32. The apparatus of claim 1, said inner cladding having a refractive index increasing when amount of fluorine in said inner cladding increases.
33. The apparatus of claim 1, said core having a residual mechanical stress changing from compression to tension when ratio of diameters increases, said ratio of diameters corresponding to a ratio of diameter of said inner cladding to diameter of said core.
34. The apparatus of claim 1, thermal expansion coefficient of said core increasing and thermal expansion coefficient of said inner cladding decreasing, when concentrations of germanium in said core and fluorine in said inner cladding increase.
35. A method, comprising:
forming a multi-cladding optical fiber including a core made of germanium-doped silica, an inner cladding made of fluorine-doped silica surrounding said core, said inner cladding having a refractive index smaller than that of said core, and an outer cladding comprising silica and surrounding said inner cladding, said outer cladding having a refractive index smaller than that of said core and larger than that of said inner cladding; and
annealing a portion of said multi-cladding optical fiber, for changing refractive index of said core of the annealed portion, said annealing being performed by one selected from among irradiation with a CO2 laser and treatment with an arc discharge.
36. The method of claim 35, further comprising:
adjusting amount of fluorine doped into said inner cladding, thickness of said inner cladding, amount of germanium doped into said core, composition of said outer cladding, and drawing tension of said fiber, for varying characteristics of said multi-cladding optical fiber.
37. The method of claim 36, said method corresponding to a method of manufacturing a long-period optical fiber grating in said multi-cladding optical fiber.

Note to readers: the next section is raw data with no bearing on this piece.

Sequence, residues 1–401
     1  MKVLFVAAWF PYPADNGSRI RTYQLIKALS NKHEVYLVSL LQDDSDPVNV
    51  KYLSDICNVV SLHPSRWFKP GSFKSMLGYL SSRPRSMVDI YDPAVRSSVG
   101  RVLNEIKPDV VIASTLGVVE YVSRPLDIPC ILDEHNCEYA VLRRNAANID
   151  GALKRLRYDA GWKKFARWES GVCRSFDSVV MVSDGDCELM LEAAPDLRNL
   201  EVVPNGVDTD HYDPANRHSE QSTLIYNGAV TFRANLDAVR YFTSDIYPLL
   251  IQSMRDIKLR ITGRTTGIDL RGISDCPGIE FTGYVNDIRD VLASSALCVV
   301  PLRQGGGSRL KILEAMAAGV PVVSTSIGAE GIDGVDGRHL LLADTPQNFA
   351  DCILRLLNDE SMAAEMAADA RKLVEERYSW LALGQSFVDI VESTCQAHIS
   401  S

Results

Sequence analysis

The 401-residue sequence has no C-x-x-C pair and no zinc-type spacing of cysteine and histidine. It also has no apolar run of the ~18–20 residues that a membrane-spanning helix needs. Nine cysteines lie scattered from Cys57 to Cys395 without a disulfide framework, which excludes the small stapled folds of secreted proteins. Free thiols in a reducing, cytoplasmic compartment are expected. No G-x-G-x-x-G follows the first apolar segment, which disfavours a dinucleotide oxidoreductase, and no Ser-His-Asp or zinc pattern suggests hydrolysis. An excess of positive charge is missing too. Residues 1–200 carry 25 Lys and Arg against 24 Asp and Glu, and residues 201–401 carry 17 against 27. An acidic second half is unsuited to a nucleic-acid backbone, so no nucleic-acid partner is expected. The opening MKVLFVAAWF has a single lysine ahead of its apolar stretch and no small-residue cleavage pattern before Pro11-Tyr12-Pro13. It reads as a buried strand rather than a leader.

38. A method, comprising:
forming a core of germanium-doped silica,
forming an inner cladding of fluorine-doped silica surrounding said core, said inner cladding having a refractive index smaller than the refractive index of said core;
forming an outer cladding comprising silica surrounding said inner cladding, said outer cladding having a refractive index smaller than the refractive index of said core and larger than the refractive index of said inner cladding; and
when said core surrounded by said inner cladding surrounded by said outer cladding corresponds to a multi-cladding optical fiber, annealing said multi-cladding optical fiber, said annealing being performed by using one selected from among a CO2-laser and an electric arc.
39. The method of claim 38, when said inner cladding, said outer cladding, and said core are in a solid glass state, said forming of said inner cladding corresponding to forming said inner cladding to have a thermal expansion coefficient less than a thermal expansion coefficient of said outer cladding, and said forming of said core corresponding to forming said core to have a thermal expansion coefficient greater than the thermal expansion coefficient of said outer cladding.
40. The method of claim 39, when said core and said outer cladding are in the solid glass state and said inner cladding is in a liquid glass state, said outer cladding having a thermal expansion coefficient less than a thermal expansion coefficient of said core, said inner cladding having a thermal expansion coefficient greater than the thermal expansion coefficient of said core,.
41. The method of claim 40, when said core and said inner cladding are in the liquid glass state and said outer cladding is in the solid glass state, said outer cladding having a thermal expansion coefficient less than a thermal expansion coefficient of said inner cladding, said core having a thermal expansion coefficient greater than the thermal expansion coefficient of said inner cladding.
42. The method of claim 41, when said core, said inner cladding, and said outer cladding are in the liquid glass state, said inner cladding having a thermal expansion coefficient less than a thermal expansion coefficient of said outer cladding, said core having a thermal expansion coefficient greater than the thermal expansion coefficient of said outer cladding.
43. The method of claim 42, said forming of said core being performed to form said core so that an axial stress of said core increases only slightly when a ratio of diameters increases substantially, said ratio of diameters corresponding to a ratio of diameter of said inner cladding to diameter of said core.